Public Health Advice
COVID-19 is a new illness that can affect your lungs and airways. It's caused by a virus called coronavirus.
If you need urgent support, call our helpline on 020 8937 1234 open 9am to 5pm, Monday to Friday.
This page contains information, advice and support about:
- Stopping the infection spreading
- Tier 2 COVID restrictions
- Christmas bubbles
- Test & Trace
- Face coverings
- Clinically Extremely Vulnerable
- Medical help
- Travelling safety on public transport
Everyone should follow the latest NHS advice about coronavirus.
Doctors of the World have translated the latest NHS advice into 36 languages, visit the Doctors of the World website for more information and to access this information in another language.
The symptoms of coronavirus are:
- A high temperature – this means you feel hot to touch on your chest or back (you do not need to measure your temperature)
- A new, continuous cough – this means coughing a lot for more than an hour, or 3 or more coughing episodes in 24 hours (if you usually have a cough, it may be worse than usual)
- A loss of smell or taste (also called anosmia)
If you have symptoms of coronavirus, you’ll need to self-isolate for 10 days.
If you live with someone who has symptoms, you’ll need to self-isolate for 14 days from the day their symptoms started. This is because it can take 14 days for symptoms to appear.
To protect others, do not go to places like a GP surgery, pharmacy or hospital. Stay at home.
If you need help, use the 111 online coronavirus service to find out what to do. Only call 111 if you cannot get help online.
Find out more about self-isolation if you or someone you live with has symptoms
There are things you can do to help reduce the risk of you and anyone you live with getting ill with coronavirus.
- Wash your hands with soap and water often – do this for at least 20 seconds
- Use hand sanitiser gel if soap and water are not available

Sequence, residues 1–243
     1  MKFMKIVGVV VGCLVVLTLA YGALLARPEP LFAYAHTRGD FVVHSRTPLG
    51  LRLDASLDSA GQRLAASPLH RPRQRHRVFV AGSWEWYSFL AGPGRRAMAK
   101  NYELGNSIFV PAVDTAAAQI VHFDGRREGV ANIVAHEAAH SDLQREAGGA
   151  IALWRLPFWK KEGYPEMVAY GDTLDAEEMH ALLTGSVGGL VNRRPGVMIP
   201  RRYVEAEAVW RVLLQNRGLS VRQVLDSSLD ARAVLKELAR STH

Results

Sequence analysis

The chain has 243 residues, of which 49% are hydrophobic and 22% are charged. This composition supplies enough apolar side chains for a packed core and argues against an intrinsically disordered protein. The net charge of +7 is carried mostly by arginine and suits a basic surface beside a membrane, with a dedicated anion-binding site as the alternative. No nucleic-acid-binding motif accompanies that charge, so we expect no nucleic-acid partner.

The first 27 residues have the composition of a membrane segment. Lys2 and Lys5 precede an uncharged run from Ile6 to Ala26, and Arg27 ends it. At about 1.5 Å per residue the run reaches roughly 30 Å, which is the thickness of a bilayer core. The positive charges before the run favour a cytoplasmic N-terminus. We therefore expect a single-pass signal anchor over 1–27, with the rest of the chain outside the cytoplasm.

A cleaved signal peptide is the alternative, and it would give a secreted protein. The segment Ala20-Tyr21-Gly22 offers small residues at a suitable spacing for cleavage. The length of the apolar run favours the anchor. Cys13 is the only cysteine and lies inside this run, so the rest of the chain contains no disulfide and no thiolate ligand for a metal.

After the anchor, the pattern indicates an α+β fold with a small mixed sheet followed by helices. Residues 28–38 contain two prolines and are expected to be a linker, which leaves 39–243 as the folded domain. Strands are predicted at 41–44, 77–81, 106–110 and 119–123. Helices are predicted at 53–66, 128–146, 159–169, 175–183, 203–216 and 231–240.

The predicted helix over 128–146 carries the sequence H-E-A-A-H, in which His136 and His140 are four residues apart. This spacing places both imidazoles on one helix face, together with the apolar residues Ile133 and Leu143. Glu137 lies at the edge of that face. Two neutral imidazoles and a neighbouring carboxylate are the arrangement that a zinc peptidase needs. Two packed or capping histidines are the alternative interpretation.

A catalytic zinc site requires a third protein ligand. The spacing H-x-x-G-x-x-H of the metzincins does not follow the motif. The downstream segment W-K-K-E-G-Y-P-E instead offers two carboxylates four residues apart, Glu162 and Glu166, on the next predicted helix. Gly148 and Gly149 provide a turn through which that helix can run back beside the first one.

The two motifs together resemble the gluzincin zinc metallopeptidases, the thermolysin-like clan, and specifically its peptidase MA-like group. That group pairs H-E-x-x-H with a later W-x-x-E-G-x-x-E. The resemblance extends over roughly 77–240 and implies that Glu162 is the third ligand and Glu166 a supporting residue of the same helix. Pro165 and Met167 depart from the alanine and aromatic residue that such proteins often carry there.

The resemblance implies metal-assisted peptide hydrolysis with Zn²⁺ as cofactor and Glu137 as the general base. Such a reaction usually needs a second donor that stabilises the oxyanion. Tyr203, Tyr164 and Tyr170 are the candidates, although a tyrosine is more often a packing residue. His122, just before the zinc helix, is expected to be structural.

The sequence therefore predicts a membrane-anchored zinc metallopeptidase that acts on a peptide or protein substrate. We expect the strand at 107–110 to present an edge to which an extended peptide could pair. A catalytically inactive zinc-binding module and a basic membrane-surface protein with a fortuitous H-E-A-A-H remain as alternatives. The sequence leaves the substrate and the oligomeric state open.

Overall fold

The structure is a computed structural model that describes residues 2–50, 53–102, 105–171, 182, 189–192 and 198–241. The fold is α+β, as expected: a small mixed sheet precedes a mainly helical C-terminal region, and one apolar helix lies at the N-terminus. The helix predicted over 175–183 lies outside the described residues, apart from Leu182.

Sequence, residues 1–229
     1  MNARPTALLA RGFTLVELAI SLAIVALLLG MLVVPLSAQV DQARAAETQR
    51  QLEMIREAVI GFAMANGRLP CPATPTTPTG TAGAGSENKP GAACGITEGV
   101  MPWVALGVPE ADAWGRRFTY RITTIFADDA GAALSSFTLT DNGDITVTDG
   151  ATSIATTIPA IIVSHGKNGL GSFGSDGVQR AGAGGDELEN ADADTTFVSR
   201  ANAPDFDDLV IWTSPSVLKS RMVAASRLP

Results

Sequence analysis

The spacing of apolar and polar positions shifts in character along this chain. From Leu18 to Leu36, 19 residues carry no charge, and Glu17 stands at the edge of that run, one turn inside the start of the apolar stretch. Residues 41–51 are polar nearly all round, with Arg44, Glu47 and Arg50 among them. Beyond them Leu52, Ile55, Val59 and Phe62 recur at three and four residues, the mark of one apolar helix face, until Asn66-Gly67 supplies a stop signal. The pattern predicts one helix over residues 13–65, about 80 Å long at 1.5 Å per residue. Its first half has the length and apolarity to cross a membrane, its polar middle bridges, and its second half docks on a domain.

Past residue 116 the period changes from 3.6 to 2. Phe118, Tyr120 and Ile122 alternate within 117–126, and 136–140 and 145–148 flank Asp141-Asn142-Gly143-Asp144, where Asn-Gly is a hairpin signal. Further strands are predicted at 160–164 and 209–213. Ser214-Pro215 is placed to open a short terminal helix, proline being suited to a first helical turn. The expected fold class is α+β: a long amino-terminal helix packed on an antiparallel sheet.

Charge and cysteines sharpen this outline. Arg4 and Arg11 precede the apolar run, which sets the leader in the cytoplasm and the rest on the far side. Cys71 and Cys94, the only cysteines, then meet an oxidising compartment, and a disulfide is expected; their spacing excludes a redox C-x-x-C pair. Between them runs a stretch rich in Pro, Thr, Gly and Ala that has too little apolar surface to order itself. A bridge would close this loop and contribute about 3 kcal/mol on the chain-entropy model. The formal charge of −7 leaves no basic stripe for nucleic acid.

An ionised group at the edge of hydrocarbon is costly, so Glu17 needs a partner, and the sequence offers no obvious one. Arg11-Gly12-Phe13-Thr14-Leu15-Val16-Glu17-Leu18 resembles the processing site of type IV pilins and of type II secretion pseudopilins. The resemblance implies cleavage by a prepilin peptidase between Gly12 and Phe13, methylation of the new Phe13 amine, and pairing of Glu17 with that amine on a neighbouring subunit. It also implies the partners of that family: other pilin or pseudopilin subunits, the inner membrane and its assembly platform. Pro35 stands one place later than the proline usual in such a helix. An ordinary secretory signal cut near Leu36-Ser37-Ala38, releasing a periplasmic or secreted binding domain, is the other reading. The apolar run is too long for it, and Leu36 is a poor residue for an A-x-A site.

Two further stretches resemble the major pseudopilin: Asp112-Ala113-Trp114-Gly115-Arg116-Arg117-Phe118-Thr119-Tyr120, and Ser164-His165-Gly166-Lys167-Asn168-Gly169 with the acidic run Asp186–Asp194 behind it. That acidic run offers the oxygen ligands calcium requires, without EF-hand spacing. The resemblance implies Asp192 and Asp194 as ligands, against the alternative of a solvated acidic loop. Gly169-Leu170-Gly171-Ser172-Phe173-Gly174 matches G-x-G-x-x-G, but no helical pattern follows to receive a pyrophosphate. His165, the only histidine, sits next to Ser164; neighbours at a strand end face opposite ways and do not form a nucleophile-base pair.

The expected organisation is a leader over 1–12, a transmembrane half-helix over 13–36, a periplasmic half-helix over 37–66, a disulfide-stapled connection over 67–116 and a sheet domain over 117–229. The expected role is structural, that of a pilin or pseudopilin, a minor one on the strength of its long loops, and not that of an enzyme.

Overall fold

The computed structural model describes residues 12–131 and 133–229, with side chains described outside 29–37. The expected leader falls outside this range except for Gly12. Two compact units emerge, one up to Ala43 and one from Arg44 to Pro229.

- Wash your hands as soon as you get back home
- Cover your mouth and nose with a tissue or your sleeve (not your hands) when you cough or sneeze
- Put used tissues in the bin immediately and wash your hands afterwards
- Touch your eyes, nose or mouth if your hands are not clean
Brent, along with the rest of London, will be in the second highest risk level – Tier 2 – when the ‘stay at home’ restrictions end on 2 December 2020.
The regional approach, where different ‘Tiers’ of restrictions apply in different parts of the country, is a tougher version of the previous local COVID alert level system.
The specific rules that apply to areas in Tier 2 are:
- You cannot mix with anyone indoors unless you live with them or they’re in your support bubble, but you can still meet people outdoors while sticking to the rule of six
- Pubs and bars must close completely unless they can operate as restaurants and they must all be shut by 11pm
- You can do an exercise class or play sport outdoors, but indoors you can only exercise with other people in the same household or support bubble
- Gyms, non-essential shops and personal care services like beauty salons and hairdressers can re-open
- Up to 2,000 fans can gather to watch any live event or sports match
- You should continue to work from home if you can
- Communal worship can restart, however you cannot socialise with anyone while you are indoors there unless you live with them or they’re in your support bubble
Public health experts have warned that London could easily have been placed in the worst ‘Tier 3’ risk level and that this is where we will find ourselves if cases don’t continue to fall.
COVID has not gone away and is still a real and present threat – especially to older people and those with underlying health conditions. That’s why it’s important you continue to protect yourself and your loved ones to stop the spread of the virus by:
- Washing your hands, or using hand sanitiser, regularly
- Wearing a face covering in indoor public spaces
- Making space between you and others outside your household or support bubble
- When indoors with people you live with or your support bubble, try to open your windows and let fresh air in regularly as this can reduce your risk of infection by over 70%